By David Abbott
Recently a group from Olliers enjoyed the countryside of the park at Lyme as part of the continuing programme of wellness events which the firm runs for colleagues.
We met up in the old village of Disley, Cheshire, which is close to the edge of the Peak District National Park. From there we made our way up and out of the village via a quiet lane, and then an old trackway.
At the top of the rise we turned into the National Trust-owned park at Lyme. The 1400-acre estate, which includes parkland, moorland, ancient woodland and formal gardens, was in the hands of the Legh family for over 600 years. In the medieval period it was a great hunting estate and a sizeable herd of red deer still lives in the Park, managed by the Trust.
The grand house at the heart of the estate has been there since the 1500s and has been much modified over its centuries-old existence. Mr Darcy set many hearts a-flutter emerging from the lake here in the BBC’s version of Pride and Prejudice some years ago.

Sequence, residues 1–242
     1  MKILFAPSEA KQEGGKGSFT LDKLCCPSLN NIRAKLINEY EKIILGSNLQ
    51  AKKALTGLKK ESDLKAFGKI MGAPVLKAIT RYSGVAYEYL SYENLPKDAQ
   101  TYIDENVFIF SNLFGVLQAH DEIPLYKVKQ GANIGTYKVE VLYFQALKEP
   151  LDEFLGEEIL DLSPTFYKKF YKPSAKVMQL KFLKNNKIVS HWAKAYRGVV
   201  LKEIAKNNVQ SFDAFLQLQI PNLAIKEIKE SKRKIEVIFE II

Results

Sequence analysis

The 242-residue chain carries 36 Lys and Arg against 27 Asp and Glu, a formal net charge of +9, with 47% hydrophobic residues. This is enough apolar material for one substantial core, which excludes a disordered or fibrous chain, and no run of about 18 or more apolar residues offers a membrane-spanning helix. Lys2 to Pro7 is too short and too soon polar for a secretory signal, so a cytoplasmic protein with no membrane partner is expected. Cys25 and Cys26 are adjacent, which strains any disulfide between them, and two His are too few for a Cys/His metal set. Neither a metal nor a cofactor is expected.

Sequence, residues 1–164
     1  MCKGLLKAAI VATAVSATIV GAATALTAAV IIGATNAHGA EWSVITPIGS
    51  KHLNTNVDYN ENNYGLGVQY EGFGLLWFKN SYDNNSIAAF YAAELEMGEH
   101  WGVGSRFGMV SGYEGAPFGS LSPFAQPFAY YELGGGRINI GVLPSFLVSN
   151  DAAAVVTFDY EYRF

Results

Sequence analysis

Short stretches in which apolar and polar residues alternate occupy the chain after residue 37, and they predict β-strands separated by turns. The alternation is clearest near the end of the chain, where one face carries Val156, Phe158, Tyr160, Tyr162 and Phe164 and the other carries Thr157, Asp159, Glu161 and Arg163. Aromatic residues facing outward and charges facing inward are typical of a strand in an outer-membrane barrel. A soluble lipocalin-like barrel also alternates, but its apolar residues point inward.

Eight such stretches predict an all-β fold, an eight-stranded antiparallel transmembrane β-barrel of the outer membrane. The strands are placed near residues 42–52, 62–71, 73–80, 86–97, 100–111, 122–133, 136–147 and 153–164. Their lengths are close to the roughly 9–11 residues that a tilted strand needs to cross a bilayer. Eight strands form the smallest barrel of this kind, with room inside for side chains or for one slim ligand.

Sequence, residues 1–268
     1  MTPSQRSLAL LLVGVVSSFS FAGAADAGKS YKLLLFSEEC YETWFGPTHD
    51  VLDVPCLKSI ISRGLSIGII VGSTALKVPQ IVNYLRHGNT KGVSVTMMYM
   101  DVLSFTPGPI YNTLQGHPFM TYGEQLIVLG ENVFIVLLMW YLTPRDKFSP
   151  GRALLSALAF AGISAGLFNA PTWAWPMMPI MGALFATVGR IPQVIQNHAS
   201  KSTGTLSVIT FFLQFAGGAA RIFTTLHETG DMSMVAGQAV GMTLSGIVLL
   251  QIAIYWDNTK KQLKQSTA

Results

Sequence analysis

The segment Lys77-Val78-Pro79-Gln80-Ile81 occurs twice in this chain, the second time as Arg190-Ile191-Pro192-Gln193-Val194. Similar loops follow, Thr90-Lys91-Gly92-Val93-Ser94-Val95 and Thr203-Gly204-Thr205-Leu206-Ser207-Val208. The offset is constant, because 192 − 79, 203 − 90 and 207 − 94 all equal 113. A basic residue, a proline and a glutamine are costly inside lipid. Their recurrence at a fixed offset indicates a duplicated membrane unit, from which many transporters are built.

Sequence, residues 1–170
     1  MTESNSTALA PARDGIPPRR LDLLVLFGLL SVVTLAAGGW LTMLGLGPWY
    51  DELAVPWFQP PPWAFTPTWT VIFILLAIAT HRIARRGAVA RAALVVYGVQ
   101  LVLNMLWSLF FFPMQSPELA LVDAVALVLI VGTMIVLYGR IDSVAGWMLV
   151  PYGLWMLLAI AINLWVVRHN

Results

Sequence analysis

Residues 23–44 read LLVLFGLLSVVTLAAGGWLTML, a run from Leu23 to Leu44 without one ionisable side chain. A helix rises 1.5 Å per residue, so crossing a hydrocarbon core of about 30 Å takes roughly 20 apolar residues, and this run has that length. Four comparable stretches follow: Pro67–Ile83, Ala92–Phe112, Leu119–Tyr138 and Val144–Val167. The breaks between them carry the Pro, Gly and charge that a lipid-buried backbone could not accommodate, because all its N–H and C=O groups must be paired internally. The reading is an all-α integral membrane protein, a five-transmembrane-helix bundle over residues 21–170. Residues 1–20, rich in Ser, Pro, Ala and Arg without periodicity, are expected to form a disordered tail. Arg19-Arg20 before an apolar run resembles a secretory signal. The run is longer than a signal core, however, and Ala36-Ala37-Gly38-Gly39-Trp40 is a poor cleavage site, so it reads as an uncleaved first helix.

Skirting around the edge of the deer sanctuary, without spotting any deer (nor, indeed, any Mr Darcys), we made our way to the Hall, to enjoy hot chocolate in the coffee shop.
Much refreshed we thereafter climbed up to the tower known as the Cage, a well-known landmark in the park, which sits perched on a hilltop. It has, at various times, been a hunting lodge (where the ladies could admire the athletic abilities of the gentlemen as they chased stags and where, after the hunt, banqueting took place), a gamekeeper’s residence, and a poachers’ prison. From the hilltop there were commanding views over the surrounding countryside.
After enjoying the view, we descended and finished our circular walk by returning on tracks and a minor road to our start point in Disley village, 5 miles walked and wellness suitably increased.